By 1906, no fewer than 587 asteroids had been spotted (thanks to Wolf's photographic technique-see 1891) and had their orbits calculated.
In 1906 Wolf discovered an asteroid that moved unusually slowly and must therefore be unusually distant. In fact it moved in Jupiter's orbit at the outer extreme of the asteroid belt, keeping step with Jupiter at a distance of 60 degrees.
This meant that the Sun, Jupiter, and the new asteroid were located at the vertices of a vast equilateral triangle. Lagrange (see 1788) had shown back in 1772 that such an arrangement was gravitationally stable, but this was the first case of such a gravitational triangle that had been actually found in space.
Wolf named the asteroid Achilles, after the hero of Homer's Iliad, the tale of the Trojan War. In giving an asteroid with an unusual orbit a masculine name, he followed the precedent of Witt (see 1898).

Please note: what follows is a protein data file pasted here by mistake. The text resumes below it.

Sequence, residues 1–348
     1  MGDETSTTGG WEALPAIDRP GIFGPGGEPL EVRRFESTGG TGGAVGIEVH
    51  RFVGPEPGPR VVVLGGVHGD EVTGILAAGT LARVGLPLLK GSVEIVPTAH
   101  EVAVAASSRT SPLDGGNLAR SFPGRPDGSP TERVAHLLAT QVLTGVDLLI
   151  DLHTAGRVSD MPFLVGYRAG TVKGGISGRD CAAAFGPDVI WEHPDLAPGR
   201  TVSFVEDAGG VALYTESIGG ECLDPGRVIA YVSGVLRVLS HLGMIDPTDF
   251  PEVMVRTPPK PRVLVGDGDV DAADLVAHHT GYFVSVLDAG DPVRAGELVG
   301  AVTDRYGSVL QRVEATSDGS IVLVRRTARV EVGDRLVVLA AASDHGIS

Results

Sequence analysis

Other asteroids were eventually discovered that accompanied Achilles in its triangular position, and still others at a point 60 degrees from Jupiter in the other direction, so that there were two equilateral triangles adjacent to each other. All were named after various heroes of the Trojan War, so that they could be lumped together as the Trojan asteroids. The position at the third apex of a triangle where the other two are occupied by larger bodies is now called the Trojan position.
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|Publication:||Asimov's Chronology of Science & Discovery, Updated ed.|
|Article Type:||Reference Source|
|Date:||Jan 1, 1994|
|Next Article:||Alpha particles.|